“I couldn’t believe it,” Lingerfelt told me for my book. “Things like that make me want to get back out there.”

Media Tour, 2009. (Monte Dutton)
Media Tour, 2009. (Monte Dutton)

Every one of Stewart’s significant virtues can also be a vice. He has a great heart and a formidable temper. He loves the simpler times of his racing youth, so much so that they lead him back to his roots and expose him to danger and uncertainty.

Stewart and I have had our differences. It’s hard to imagine him getting along all the time with anyone. He never took my criticisms personally, probably because he knew I wasn’t out to get him and, maybe, just maybe, put some thought into what I wrote. As mad as I have sometimes been at Stewart, and as much of a pain in the ass as he could be, I was always thankful to be writing about a sport with him in it. He’s one of the best, but he is the most interesting.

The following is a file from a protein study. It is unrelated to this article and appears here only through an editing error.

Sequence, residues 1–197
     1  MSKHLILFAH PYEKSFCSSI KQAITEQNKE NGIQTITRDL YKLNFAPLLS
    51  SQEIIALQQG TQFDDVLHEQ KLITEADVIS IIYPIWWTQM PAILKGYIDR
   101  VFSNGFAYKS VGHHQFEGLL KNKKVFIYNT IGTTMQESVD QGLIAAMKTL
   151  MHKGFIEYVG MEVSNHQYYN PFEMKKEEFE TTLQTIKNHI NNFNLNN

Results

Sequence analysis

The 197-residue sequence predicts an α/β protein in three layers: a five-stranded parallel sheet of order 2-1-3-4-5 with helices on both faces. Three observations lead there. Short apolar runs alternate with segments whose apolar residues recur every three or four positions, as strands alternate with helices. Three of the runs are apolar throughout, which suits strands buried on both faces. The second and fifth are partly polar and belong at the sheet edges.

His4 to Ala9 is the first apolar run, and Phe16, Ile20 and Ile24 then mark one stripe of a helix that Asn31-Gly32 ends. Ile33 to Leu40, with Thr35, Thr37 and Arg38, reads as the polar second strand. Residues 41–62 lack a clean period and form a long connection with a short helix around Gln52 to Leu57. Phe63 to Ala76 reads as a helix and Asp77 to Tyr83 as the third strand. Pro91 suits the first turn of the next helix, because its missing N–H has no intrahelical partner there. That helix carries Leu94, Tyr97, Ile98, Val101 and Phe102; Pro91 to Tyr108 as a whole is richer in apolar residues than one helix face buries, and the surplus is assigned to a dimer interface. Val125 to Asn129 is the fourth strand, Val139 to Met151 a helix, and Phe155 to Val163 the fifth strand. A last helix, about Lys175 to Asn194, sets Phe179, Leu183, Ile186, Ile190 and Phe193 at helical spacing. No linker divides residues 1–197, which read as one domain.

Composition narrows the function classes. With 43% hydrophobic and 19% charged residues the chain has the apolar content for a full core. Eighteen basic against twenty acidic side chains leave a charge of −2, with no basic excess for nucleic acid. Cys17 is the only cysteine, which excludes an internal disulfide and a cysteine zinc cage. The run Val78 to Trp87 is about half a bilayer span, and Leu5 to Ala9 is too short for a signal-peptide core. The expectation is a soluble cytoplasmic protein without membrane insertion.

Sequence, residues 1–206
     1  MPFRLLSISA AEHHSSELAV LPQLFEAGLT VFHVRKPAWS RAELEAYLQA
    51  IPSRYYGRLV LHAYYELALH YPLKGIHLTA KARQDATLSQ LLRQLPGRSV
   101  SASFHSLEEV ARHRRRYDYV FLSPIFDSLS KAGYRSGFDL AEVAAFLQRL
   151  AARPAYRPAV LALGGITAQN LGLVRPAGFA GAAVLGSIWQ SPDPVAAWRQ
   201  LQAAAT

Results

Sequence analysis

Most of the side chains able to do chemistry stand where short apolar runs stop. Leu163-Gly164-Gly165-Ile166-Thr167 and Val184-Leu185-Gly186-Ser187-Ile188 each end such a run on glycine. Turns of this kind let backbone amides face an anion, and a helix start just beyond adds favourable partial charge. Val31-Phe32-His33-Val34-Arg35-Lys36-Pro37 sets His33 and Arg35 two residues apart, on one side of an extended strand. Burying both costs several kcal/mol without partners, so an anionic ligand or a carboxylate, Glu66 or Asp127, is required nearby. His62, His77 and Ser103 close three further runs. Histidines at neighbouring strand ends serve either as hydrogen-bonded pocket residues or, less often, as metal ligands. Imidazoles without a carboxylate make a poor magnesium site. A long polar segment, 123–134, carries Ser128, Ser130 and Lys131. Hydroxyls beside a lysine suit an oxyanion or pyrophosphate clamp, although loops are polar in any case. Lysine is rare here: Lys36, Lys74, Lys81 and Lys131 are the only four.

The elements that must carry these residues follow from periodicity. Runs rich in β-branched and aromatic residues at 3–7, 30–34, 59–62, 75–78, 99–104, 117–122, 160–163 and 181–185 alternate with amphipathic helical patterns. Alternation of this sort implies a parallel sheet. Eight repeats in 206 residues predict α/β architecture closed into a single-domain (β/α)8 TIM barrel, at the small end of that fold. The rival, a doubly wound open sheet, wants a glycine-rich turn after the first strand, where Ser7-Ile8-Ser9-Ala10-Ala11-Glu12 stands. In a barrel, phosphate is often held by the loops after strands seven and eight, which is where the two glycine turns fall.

This incident will change irrevocably Stewart’s life in ways that are impossible to foresee. This will take its toll on him. It might be his ruination. Guilt will torment him. Everything will change. This incident ended another man’s life.

One of those virtues that can be vices is that, if there is one characteristic of Stewart that most don’t understand, it is that he is prone to care too much, not too little.

The race is on TV. I don’t give a damn about it.

Customized Entry to the Chase

At the Glen, it's Marcos the Magnificent. (Getty Images for NASCAR)
At the Glen, it’s Marcos the Magnificent. (Getty Images for NASCAR)

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Clinton, South Carolina, Saturday, August 9, 2014, 2:26 p.m.

Watkins Glen International is often a course of opportunity. Now, though, the Chase is less choosy. It’s charitable, and for Marcos Ambrose, Tony Stewart, A.J. Allmendinger, Kasey Kahne, Greg Biffle, and others, the Glen is a beacon, potentially leading one of them in through a season drenched in fog.